AMEE/Spend Network Study Reveals High-Risk Supply Chain in UK Government Spending

A new study has been undertaken to measure the carbon impact of the UK Government supply chain - it's the first of its kind  and uses each Government Department’s open spending data to identify spending with suppliers. It's an important area to measure properly because UK Government procurement has a powerful impact on the economy with overall spend contributing to more than 40 percent of GDP, and spend on suppliers represents a large component of overall spend. This has the potential to provide more opportunity to collaborate with business to fight climate change. And why was it carried out?

A recent UN Climate Summit in New York highlighted the many Government initiatives that address climate change, one of which being support for new technologies, including the UK effort to accelerate the controversial fracking technology. David Cameron joined 120 world leaders and more than 800 business, finance and civil society figures at the UN to reach a consensus on climate agreements, in the build up to negotiations in Paris, December 2015. He said: “We must agree a global deal in Paris next year. We simply cannot put this off any longer.”

He then explained the UK's strategy: “We are investing in all forms of lower carbon energy including shale gas and nuclear.” Together, AMEE, which helps businesses become more energy-efficient, and Spend Network, which analyses government procurement, believe that the best way a government can take action is to actually spend on sustainable, resilient companies that minimise their impact on climate change. They conducted the study "Open Government Supply Chain Sustainability" to explore carbon footprint, efficiency and financial risk of 17 central government supply chains.

Departmental open spending data on companies is supplemented by data on supply chains and carbon efficiency for individual companies sourced from AMEE.  The findings reveal some very interesting facts, including "more than £844 million was spent on high financial-risk companies by central government in 2013/14." The analysis also shows "wide variations in carbon efficiency. Over the same 12-month period, £4.6 billion was spent with companies that have low energy and carbon efficiency (when compared to better-performing peers)."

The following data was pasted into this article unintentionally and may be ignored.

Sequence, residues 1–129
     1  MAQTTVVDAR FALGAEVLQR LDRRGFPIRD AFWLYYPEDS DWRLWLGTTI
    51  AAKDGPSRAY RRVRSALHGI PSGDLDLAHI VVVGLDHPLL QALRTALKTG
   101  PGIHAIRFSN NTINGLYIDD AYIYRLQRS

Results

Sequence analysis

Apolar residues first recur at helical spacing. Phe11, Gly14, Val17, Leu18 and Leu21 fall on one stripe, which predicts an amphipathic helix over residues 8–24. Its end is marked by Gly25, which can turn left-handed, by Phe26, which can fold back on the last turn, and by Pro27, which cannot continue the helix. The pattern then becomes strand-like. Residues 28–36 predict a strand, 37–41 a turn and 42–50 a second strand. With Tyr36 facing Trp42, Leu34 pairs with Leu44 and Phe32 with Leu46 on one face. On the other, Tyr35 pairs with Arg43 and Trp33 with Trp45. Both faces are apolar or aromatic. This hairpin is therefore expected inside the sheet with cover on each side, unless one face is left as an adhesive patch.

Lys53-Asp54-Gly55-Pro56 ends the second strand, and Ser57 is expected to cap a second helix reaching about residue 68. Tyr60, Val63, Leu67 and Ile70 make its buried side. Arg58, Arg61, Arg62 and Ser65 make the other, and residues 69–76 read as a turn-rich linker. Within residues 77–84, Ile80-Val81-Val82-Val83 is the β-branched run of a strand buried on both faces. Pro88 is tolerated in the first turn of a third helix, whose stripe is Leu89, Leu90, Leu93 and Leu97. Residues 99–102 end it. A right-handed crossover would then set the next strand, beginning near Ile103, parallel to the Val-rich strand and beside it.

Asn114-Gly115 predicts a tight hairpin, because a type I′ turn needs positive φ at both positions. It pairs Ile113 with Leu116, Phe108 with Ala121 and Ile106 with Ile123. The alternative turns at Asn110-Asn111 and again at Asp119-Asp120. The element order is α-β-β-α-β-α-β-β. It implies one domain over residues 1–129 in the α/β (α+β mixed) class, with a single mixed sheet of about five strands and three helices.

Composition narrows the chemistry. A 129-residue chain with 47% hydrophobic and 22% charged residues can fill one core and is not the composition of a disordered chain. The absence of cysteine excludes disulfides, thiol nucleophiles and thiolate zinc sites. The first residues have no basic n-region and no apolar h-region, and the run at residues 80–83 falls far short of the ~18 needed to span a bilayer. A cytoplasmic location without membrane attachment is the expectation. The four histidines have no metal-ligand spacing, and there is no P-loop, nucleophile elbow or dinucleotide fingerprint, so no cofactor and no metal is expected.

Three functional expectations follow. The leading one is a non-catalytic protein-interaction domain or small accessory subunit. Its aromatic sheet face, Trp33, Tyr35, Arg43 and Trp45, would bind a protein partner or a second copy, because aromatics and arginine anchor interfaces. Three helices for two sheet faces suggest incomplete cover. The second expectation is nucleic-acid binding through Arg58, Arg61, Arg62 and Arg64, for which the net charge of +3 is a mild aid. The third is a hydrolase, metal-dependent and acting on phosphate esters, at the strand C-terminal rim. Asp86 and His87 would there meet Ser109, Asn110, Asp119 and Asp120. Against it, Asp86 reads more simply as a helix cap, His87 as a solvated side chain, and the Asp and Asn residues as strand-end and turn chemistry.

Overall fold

The research shows that "Government procurement could influence up to 97 million tonnes of carbon emissions from all supplier activities, representing 15 percent of total UK emissions, with 4.7 million tonnes directly related to Government activities." The researchers believe that a concerted effort by Government, engaging all suppliers to reduce their total carbon footprints, would provide a large contribution toward reducing total UK emissions and achieving the UK’s carbon budget.

The study makes for some eye-opening reading, highlighting the best and worst performers. It is a socially valuable tool that will be useful for policy makers and citizens interested in procurement, supply chains and sustainability.  It gives the public a an insight into the environmental impact of the buying decisions made by Government and gives Government a data-driven opportunity to cut costs, reduce risk, and achieve its carbon budget goals.

The data from the research are available through a public portal on AMEE’s website.

And a clear, concise infographic sums up the main findings on AMEE’s blog.

Visitors can explore the data to compare departments, find detailed analytics for each department, and also search through all listed suppliers to see the spend they received and their risk and environmental performance data.

First Voice

  1. Stephen Heard:

    Its a pity that this government, you know the one that stated it was going to be the greenest government ever, disbanded the CESP (Centre of Excellence in Sustainable Procurement) operated by the old OGC.

    The other conclusion to this report is that the excellent work undertaken by the NHS Sustainability Development Unit (SDU) has had a positive impact as the carbon footprint of the DoH supply chain is small in comparison to other similar sizes government departments.

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